By Ragina Nair, Human Resources, Holachef
I had always wanted to witness snow and my long due wish came true this season when I finally decided to visit Kashmir around New Year’s. I had heard so much about the beauty that the valley is, but the trip was beyond expectations with every destination enthralling us with its grandeur and food. The sightseeing paired with Kashmiri meals was a combination that elevated the purpose of this travel. And, thanks to our guide cum driver who helped us relish the local dishes, here is my list of favourites and delicacies you shouldn’t miss when in Kashmir.
This was the first drink I tasted after reaching Pahalgam and quite a popular one in the valley. Kahwah is a type of green tea mixed with saffron, cardamom and cinnamon, and needless to say, is highly refreshing. One can add more saffron or a splash of lime juice for an extra zing. Kahwah can be easily bought from local stores in Kashmir and is available in the form of a premix tea with added powdered sugar. A nice souvenir to take back, I’d say.
2) Mutton Kanti Kababs, Fish Kabab and Malai Chicken
I relished on mutton kanti kababs from a local dhaba in Gulmarg. These are shallow fried minced mutton kababs which consist of lots of onions and capsicum. When in Srinagar, don’t miss out on the melt-in-the-mouth fish kabab and malai chicken as well.
Rista is a dish of minced and fried mutton balls served in a spicy red gravy, which I tried in Pahalgam. The dish is a part of Kashmiri wazwan – a spread comprising of various meat-based preparations, with the extensive use of lamb and chicken. Interestingly, there are 36 different kinds of meat delicacies served as a part of a traditional wazwan platter!
4) Kashmiri Dal
For the craving of a simple meal, I also tried rice and dal in Kashmir. I am absolutely in love with the local dal that was served. There were apparently a lot of masalas used in this preparation and it was a flavoursome change from what I’ve had elsewhere in the country. Do try this dish at any of the local restaurants in the valley that offer authentic Kashmiri meals.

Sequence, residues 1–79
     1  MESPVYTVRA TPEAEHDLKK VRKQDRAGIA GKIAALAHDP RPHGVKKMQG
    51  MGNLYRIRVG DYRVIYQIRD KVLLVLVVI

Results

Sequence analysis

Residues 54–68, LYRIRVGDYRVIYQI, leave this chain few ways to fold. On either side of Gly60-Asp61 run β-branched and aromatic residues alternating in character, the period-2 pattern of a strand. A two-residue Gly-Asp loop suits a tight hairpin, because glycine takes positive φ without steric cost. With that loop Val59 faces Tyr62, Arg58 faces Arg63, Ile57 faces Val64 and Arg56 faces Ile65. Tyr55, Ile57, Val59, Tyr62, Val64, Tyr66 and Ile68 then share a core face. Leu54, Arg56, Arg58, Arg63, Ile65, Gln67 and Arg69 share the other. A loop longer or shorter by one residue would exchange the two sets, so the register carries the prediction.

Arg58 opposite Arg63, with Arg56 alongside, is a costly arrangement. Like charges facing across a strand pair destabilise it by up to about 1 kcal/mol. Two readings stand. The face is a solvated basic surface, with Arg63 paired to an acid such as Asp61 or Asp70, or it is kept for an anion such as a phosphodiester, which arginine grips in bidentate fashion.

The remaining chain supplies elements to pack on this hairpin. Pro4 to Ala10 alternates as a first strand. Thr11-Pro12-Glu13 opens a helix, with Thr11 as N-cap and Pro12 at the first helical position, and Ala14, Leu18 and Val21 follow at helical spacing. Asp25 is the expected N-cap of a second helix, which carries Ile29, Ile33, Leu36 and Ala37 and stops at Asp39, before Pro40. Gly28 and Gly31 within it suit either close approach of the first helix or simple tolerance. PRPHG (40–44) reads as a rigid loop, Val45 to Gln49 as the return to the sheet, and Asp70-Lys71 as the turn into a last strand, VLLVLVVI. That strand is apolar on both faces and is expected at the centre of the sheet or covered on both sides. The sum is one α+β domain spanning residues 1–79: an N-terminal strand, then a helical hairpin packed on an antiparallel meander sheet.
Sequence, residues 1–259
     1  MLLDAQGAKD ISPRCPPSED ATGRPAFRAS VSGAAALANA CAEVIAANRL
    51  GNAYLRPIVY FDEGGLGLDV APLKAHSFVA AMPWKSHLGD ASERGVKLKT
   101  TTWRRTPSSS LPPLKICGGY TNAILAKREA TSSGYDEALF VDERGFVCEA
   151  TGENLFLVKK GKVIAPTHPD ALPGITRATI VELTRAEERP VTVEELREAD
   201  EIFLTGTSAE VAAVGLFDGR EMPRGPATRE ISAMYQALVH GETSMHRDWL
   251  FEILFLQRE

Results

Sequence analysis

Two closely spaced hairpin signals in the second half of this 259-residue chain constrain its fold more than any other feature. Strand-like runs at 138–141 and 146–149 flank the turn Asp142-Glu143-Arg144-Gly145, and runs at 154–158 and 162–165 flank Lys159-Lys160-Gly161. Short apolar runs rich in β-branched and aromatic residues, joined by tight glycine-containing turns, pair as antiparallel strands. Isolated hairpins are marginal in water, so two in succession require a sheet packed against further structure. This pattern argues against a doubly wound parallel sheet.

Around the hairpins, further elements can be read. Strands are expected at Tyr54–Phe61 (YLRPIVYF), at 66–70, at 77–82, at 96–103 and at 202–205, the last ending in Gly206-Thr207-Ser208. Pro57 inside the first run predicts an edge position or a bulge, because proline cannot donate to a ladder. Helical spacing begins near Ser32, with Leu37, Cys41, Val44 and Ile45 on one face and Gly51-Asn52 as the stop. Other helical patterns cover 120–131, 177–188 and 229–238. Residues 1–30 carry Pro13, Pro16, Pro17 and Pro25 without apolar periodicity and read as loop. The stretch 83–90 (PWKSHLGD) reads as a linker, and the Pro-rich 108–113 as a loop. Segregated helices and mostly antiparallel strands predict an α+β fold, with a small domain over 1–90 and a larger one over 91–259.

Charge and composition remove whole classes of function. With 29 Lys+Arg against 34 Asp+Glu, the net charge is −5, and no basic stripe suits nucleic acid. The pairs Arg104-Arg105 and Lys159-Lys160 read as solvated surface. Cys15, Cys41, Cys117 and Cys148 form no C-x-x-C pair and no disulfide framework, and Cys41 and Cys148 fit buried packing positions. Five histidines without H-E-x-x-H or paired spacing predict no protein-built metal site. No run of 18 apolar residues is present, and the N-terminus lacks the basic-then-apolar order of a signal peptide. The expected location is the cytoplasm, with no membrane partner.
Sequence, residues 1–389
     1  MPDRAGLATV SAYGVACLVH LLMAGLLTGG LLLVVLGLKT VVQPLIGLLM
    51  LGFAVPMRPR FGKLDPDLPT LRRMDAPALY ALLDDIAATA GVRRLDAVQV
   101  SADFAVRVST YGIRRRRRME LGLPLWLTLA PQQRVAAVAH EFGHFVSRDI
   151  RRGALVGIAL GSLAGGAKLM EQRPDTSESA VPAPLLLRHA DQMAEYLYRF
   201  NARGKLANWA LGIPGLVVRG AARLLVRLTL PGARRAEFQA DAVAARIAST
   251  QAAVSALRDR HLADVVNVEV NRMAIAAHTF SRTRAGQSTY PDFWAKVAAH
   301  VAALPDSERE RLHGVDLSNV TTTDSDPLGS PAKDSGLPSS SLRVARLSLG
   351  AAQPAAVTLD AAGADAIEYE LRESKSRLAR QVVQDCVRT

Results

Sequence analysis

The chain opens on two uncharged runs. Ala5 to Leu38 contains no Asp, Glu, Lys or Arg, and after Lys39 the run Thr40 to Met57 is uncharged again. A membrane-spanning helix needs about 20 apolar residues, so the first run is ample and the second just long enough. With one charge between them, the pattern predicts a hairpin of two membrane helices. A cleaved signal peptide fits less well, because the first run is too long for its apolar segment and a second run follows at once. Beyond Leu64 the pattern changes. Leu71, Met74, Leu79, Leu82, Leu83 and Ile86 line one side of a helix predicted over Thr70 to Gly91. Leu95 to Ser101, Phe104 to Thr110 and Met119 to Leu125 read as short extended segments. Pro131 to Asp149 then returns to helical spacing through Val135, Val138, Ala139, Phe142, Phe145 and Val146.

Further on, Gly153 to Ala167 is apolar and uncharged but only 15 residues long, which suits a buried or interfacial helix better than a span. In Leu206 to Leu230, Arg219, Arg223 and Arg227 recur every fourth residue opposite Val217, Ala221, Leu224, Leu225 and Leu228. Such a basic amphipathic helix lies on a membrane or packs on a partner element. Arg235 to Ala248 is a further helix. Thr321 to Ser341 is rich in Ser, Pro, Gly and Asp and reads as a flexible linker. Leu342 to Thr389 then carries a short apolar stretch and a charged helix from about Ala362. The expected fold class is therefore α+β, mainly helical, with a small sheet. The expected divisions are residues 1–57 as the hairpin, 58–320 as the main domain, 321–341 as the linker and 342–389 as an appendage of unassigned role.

While in Gulmarg, I noticed different types of rotis stacked up in road side stalls, restaurants and bakeries. Some were similar to the common rotis and kulchas while others can be best described as a crisp version of pav. I later found out that the one similar to roti is called tsot. It’s consumed by breaking it into pieces and dipping in noon chai, which is salty and a speciality of Kashmir. The variety of bread with poppy seeds is called czochworu. Kashmiris have tsot or roti for breakfast and czochworu or kulcha along with their evening tea.
6) Rajma Rice
I’ve heard people say that rajma chawal is their comfort food or go-to food. When I tasted it in Gulmarg, I understood why. The red kidney beans used here are dark red in colour and smaller in size than what we get back home in Mumbai, and the masala has alluring flavours. All in all, this simple meal that I tried at Hotel Affarwat was an absolute delight.
7) Noon Chai
Enroute Sonmarg, I found noon chai being served near Kheer Bhawani temple and without blinking an eye, I immediately decided to try it. It’s a traditional tea beverage from Kashmir, pink in color and is salty to taste. Usually cooked in a copper pot, this chai has special tea leaves, milk, salt, pistachios, almonds, cardamom and cinnamon. Noon chai is served with tsot or kulcha – the Kashmiri breads.
8) Yakhni Chicken
I insisted that my last meal in Kashmir be a dish from wazwan and so came in chicken yakhani with jeera rice. The yogurt based gravy has no turmeric or even chilli powder yet tastes distinctly flavourful with the meat being perfectly succulent. I thoroughly enjoyed this meal.
Kashmiri cuisine has an extensive range of dishes full of zesty flavours and classic recipes, and I have realized that the real fun lies in tasting it at local eateries. I am looking forward to visiting the valley soon and relishing once again on some of the best meals I have ever had!